Ontario's auditor general says ServiceOntario centres are making too many mistakes and could save millions by moving more transactions online.

ServiceOntario handled some 35 million transactions in the last fiscal year, including health card applications and renewals for driver's licence and vehicle licence plates.

In her report released Monday, Auditor General Bonnie Lysyk said that at least 45 per cent of ServiceOntario centres are making too many mistakes, everything from missing signatures on health card applications to renewals for the wrong licence plates.

Her report also said the government is missing a chance to save money by moving more transactions online.

The AG's report found that 70 per cent of ServiceOntario transactions were processed in person, far short of its goal to move between 50 and 60 per cent of transactions online by 2012.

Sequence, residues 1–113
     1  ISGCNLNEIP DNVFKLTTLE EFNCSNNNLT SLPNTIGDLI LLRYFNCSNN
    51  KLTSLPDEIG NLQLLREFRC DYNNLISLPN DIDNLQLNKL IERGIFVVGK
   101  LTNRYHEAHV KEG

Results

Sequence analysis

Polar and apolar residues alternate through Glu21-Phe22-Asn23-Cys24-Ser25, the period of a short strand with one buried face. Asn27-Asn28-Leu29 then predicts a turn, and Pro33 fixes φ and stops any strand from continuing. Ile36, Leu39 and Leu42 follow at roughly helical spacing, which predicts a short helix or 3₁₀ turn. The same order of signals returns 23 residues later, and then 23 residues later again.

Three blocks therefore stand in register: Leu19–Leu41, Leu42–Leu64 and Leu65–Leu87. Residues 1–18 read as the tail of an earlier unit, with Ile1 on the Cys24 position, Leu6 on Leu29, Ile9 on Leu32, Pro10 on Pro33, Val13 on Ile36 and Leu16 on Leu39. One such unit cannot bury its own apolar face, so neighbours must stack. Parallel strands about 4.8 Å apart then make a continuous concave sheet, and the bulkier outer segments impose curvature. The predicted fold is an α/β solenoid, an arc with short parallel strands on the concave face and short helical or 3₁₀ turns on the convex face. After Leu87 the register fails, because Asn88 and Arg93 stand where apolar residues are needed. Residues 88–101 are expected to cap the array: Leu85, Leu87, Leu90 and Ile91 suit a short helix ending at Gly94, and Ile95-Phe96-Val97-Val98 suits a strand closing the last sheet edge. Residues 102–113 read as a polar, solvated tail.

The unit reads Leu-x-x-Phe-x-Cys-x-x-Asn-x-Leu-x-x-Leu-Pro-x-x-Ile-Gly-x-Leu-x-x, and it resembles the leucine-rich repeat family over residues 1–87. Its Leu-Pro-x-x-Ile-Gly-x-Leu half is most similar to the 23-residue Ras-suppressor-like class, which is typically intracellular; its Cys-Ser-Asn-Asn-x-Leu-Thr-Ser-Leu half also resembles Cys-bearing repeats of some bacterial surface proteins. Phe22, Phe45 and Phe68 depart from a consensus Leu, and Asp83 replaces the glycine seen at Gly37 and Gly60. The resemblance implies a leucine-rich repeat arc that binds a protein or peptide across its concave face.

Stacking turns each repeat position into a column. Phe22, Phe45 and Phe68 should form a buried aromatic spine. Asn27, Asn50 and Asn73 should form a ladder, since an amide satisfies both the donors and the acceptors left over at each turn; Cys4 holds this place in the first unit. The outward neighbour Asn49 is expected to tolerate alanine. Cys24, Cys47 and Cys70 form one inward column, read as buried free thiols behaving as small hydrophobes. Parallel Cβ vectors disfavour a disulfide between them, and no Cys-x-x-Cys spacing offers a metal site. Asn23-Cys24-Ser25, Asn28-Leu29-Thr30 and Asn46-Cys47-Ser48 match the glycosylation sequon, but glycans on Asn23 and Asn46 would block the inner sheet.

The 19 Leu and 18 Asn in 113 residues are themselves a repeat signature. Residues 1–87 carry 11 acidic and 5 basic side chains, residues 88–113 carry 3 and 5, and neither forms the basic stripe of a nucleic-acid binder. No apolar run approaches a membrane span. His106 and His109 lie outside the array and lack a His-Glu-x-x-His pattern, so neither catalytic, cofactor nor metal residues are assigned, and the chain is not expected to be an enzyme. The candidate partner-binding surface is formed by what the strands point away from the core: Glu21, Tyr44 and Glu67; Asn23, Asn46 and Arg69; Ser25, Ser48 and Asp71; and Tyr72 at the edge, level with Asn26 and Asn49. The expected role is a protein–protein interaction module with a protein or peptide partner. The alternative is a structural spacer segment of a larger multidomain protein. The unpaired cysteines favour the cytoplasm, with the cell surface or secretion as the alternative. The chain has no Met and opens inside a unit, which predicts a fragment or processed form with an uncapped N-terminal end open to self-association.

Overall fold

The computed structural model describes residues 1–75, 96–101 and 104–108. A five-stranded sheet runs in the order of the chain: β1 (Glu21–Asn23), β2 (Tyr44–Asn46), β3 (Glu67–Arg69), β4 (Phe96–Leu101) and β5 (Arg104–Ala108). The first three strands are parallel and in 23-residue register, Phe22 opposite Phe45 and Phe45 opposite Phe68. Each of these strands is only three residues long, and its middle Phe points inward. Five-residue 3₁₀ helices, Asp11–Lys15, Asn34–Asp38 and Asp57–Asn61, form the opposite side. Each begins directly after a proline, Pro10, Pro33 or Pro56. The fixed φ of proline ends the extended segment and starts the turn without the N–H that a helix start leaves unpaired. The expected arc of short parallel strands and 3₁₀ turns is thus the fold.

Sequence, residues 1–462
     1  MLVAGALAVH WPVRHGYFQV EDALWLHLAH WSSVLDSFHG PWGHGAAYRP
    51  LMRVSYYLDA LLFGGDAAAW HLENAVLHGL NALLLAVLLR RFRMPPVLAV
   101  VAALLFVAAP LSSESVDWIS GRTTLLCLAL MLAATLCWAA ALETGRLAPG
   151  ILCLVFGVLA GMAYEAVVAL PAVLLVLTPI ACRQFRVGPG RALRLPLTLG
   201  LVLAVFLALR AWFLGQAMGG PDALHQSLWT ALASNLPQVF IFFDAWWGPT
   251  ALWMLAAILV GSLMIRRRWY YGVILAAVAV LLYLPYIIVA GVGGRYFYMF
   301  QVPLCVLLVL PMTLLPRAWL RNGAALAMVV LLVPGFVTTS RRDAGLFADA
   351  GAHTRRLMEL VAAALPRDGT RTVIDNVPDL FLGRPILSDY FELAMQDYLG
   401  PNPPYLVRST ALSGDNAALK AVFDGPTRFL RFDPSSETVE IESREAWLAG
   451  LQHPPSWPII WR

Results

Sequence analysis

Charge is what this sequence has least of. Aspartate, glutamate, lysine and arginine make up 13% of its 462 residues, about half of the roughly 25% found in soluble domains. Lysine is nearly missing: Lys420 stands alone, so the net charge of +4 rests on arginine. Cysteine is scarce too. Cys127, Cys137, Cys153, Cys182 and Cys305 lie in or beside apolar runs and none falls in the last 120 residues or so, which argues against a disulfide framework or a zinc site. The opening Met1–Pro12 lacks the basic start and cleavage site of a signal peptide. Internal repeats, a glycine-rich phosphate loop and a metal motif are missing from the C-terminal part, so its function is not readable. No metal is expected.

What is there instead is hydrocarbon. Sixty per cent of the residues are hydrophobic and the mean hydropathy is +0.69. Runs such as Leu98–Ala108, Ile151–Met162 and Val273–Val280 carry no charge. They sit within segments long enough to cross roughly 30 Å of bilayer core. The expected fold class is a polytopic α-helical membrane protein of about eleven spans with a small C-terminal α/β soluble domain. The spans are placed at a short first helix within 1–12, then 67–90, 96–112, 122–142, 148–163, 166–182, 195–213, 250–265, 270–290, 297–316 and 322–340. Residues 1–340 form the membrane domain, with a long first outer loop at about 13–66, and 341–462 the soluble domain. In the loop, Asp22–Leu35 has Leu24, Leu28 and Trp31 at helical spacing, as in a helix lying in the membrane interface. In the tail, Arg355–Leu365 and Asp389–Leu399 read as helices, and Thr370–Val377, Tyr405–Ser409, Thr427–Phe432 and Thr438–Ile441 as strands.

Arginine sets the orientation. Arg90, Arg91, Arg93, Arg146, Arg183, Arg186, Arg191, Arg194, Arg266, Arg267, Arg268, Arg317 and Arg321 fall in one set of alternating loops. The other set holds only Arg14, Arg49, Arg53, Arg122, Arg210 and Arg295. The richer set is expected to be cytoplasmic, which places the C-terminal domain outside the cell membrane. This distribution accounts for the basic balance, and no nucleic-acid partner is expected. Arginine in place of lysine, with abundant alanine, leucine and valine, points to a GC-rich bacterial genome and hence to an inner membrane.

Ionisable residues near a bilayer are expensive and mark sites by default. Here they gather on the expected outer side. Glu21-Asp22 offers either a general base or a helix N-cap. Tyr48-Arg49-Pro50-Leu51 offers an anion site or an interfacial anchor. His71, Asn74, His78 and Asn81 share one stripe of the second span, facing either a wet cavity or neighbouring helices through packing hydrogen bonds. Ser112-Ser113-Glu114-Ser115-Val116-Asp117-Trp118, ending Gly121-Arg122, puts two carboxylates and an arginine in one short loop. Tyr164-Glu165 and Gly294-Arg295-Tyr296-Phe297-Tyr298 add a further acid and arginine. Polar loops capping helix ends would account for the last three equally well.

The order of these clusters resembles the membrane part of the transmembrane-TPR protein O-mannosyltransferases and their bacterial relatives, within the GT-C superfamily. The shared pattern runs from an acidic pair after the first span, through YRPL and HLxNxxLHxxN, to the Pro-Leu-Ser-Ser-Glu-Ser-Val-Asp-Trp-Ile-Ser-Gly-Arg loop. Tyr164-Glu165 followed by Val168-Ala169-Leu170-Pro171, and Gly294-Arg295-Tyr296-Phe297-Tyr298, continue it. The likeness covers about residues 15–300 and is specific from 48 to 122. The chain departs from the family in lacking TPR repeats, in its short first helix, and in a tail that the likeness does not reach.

Other findings about Service Ontario in the AG's report:

  • Old health cards. More than three million of the old red and white health cards remain in circulation. This is a problem because they have no photo or expiry date, making them a security and forgery risk. Full conversation to the more secure green cards isn't expected until 2018.
  • ID for the dead? More than 15,000 Ontario Health cards are circulating in the names of people who are deceased, as are 1,400 drivers licences.
  • Birth certificates: paper, not plastic.  The AG wants to see the government shift to more secure plastic documents. It's expensive, but Service Ontario has agreed to re-examine that option next year.
  • Wait times. ServiceOntario did not measure or report on the customer wait at peak times or at specific
    service centres, which often far exceeded its target time of 15 minutes. Also, none of ServiceOntario’s seven telephone contact centres met the government's service standards for answering calls.
  • Accessible parking permits. The AG found that SeviceOntario had weak processes for issuing and controlling accessible parking permits to ensure they were not being used by people who did not require them.